The official Church press release on LDS.org
Beloved Church President, Gordon B. Hinckley, Dies at 97
27 January 2008 President Gordon B. Hinckley, who led The Church of Jesus Christ of Latter-day Saints through twelve years of global expansion, has died at the age of 97.
President Hinckley was the 15th president in the 177-year history of the Church and had served as its president since 12 March 1995.
The Church president died at his apartment in downtown Salt Lake City at 7:00 p.m. Sunday night from causes incident to age. Members of his family were at his bedside. A successor is not expected to be formally chosen by the Church’s Quorum of the Twelve Apostles until after President Hinckley’s funeral within the next few days.
(Update 1/28/08) Salt Lake Tribune Editorial, The Tribune has published a fabulous editorial praising President Hinckley’s extraordinary leadership role as President of the Church, calling him the Most Extraordinary LDS Leader since Brigham Young:
Gordon B. Hinckley: The most extraordinary LDS leader since Brigham Young
Article Last Updated: 01/28/2008 11:44:13 AM MST
On a wall above the desk where President Gordon B. Hinckley directed the affairs of the LDS Church hangs a portrait of Brigham Young. Hinckley felt an enduring kinship with the pioneer prophet who, by sheer force of personality, brought the Mormons to a safe haven in the mountains.
Young built a city and a Great Basin Kingdom that transformed the West. Over 73 years, Gordon B. Hinckley built the image of The Church of Jesus Christ of Latter-day Saints into one that fits comfortably within the American mainstream, a feat no less remarkable.
Hinckley, who died Sunday at the age of 97, had many of Young’s gifts as a leader and a builder, though not Brother Brigham’s rough-hewn ways. Hinckley was famously at home in any company, from world leaders and presidents to the Mormons at home and abroad who both revered and admired him. He was a leader with vision, stamina, native wit and the intelligence to apply his many gifts to his calling as a religious leader, but also as the brilliant chief executive of an enormous and complex corporation.
In both roles, Hinckley was a decisive, penetrating presence, a natural businessman and a formidable negotiator who knew how to be blunt. In his ministry he was an articulate and inspiring speaker and beloved of his people.
Once asked what he would have liked to do had he not followed the call of his church, Hinckley said that he just maybe would have had a future as an architect. The answer was typically wry. Hinckley was the most prolific builder in the history of the LDS Church, and his attention to architectural detail was legendary.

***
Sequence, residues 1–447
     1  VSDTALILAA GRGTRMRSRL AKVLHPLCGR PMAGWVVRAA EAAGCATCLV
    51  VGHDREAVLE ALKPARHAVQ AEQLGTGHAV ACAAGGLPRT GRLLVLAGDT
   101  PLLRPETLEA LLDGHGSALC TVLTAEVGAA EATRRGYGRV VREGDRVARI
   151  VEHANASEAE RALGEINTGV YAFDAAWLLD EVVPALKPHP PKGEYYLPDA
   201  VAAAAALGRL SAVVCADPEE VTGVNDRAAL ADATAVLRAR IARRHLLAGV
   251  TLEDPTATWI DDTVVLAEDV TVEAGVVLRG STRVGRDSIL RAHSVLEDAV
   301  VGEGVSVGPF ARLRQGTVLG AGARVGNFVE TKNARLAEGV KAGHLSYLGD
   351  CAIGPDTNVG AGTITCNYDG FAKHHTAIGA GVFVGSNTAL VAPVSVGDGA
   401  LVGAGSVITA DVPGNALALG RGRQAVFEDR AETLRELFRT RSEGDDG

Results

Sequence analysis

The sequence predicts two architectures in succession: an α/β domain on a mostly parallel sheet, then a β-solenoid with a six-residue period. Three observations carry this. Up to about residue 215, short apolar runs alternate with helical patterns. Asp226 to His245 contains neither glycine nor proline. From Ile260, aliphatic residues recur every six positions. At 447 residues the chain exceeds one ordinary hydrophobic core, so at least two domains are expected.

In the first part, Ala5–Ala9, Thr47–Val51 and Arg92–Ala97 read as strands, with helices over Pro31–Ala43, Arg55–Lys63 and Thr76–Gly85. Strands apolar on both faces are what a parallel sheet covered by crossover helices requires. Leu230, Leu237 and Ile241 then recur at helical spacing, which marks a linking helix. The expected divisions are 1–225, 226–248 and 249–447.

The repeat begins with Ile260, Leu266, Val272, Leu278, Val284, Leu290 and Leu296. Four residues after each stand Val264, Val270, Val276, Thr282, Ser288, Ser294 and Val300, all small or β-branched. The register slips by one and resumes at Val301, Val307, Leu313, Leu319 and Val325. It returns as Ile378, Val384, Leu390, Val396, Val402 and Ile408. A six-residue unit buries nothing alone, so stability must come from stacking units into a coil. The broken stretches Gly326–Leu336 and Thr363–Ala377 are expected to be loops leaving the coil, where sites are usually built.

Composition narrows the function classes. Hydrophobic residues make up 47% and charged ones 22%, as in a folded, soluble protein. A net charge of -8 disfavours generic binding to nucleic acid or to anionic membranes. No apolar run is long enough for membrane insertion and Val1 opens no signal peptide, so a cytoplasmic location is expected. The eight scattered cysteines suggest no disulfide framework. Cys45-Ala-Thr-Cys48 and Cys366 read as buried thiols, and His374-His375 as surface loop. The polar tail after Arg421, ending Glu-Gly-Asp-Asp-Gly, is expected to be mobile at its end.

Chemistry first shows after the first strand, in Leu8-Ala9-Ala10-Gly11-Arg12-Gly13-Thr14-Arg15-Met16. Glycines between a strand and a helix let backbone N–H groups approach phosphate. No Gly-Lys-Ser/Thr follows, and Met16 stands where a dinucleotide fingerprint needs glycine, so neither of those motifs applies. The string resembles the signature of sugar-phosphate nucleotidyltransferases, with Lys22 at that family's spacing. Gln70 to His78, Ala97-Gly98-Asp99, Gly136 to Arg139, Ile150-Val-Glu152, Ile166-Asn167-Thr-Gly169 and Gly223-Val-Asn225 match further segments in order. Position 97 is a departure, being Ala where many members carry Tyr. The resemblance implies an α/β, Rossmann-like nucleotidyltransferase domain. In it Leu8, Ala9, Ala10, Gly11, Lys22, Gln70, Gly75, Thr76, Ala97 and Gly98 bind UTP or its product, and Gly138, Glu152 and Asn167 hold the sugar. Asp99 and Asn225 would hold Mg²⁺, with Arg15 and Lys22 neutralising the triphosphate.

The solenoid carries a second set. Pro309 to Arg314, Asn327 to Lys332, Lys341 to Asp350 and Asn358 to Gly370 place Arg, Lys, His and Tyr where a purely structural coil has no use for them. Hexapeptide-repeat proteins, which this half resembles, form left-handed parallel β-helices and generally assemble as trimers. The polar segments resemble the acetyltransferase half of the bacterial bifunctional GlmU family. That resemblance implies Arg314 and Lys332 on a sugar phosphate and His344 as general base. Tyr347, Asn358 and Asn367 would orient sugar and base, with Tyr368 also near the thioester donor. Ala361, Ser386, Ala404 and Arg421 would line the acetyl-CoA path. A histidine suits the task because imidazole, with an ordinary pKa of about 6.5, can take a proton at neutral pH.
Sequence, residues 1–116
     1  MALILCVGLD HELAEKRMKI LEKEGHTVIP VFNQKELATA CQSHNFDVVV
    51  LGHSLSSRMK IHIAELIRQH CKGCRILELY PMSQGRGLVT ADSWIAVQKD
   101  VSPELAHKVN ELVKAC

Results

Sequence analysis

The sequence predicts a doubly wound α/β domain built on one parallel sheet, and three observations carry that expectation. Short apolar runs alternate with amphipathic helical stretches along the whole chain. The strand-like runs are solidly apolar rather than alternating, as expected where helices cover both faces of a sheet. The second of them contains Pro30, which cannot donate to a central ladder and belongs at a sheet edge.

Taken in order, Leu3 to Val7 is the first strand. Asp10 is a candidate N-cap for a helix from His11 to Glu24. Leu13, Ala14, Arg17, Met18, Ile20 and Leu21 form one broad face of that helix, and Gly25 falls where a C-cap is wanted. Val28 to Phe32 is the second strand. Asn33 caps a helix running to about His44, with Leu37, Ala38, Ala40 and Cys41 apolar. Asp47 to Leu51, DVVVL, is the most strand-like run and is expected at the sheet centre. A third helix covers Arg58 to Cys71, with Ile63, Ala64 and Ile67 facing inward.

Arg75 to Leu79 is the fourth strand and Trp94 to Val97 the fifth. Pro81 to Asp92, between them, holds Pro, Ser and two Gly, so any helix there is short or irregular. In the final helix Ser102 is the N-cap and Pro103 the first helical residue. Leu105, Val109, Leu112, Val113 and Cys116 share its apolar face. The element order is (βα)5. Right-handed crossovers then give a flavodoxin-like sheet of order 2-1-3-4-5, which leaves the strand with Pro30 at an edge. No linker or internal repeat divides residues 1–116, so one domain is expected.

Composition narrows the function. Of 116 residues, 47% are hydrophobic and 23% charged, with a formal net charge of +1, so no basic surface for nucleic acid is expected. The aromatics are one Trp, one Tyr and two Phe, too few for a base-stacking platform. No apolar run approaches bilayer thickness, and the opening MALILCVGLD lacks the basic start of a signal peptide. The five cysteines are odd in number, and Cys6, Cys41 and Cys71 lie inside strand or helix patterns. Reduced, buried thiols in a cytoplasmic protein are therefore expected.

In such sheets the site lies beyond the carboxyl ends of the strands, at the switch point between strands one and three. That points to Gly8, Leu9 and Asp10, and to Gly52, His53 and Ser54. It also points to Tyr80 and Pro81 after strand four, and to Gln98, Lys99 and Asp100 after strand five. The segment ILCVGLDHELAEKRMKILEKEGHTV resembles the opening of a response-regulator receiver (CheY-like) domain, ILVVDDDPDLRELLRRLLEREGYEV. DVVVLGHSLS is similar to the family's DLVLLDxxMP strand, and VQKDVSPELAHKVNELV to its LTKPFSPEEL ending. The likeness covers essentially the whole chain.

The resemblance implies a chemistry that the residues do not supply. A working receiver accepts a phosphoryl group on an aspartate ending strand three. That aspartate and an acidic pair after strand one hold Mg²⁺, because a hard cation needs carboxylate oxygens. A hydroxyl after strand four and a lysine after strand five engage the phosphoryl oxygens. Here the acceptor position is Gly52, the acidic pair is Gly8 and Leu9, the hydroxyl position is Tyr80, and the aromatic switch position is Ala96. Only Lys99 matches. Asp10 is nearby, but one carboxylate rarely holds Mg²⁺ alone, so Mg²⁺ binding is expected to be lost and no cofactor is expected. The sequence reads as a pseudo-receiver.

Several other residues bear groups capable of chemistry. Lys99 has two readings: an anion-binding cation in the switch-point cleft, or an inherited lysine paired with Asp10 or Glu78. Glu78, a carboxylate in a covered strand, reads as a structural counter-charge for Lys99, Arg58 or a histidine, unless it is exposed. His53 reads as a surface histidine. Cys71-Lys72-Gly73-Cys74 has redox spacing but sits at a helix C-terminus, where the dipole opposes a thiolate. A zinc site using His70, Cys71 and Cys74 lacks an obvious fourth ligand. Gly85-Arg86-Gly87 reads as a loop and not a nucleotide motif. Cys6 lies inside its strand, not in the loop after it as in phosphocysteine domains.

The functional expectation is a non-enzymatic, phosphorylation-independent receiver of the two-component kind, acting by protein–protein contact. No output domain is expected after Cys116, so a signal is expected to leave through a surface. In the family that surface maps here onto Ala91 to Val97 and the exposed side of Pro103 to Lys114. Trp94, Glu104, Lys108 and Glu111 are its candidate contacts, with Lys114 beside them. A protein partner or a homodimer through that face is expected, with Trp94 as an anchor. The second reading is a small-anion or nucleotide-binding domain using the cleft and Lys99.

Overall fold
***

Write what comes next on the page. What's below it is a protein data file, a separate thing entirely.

The remaking of downtown Salt Lake City, entirely with church resources, was Hinckley’s plan as much as anyone’s, and is just one of the projects that will bear tribute to Hinckley the builder, and the architect.
When Hinckley took over as president of the church in 1995, he had spent years as the de facto, day-to-day leader in the administrations of presidents who had become enfeebled. But on that first morning of his presidency, he stood before reporters and cameramen he had invited to a news conference, the first in memory to have been called by an LDS prophet.
With the members of the Quorum of the Twelve Apostles seated in a row well back from the podium, Hinckley commanded the moment, fielding questions with ease and aplomb, driving home the point to Latter-day Saints and the world at large that the Mormons now had a leader who would be out among his people, delivering a message of faith, hope, love – and hard work.
In fact, Hinckley would acknowledge if pressed, that he disliked traveling. But he put that aside to become the most peripatetic Mormon leader in history. When the number of Latter-day Saints abroad began exceeding the number in America, Hinckley paid them all due attention. He wanted them to know that a living prophet loved and cared for them.
Anyone who saw him move in the crowds of his followers from Africa to Asia could see his tears and smiles and know for themselves that he did.
One need not wait for history to judge the worth of Gordon B. Hinckley. His contributions to his church, and to the city that was his home, are incalculable. His legacy, quite simply, will endure as long as Brother Brigham’s.
President Gordon B. Hinckley of the Church of Jesus Christ of Latter-day Saints died this evening. He was 97. Hinckley’s life spanned the 20th century, a time marked by LDS global outreach and technological advances. Hie saw his church evolve from a tiny sect in the Intermountain West to a respected religious movement with more than 13 million members worldwide. He embraced each new communication device, from radio to satellite to YouTube, as a chance to spread the Mormon word.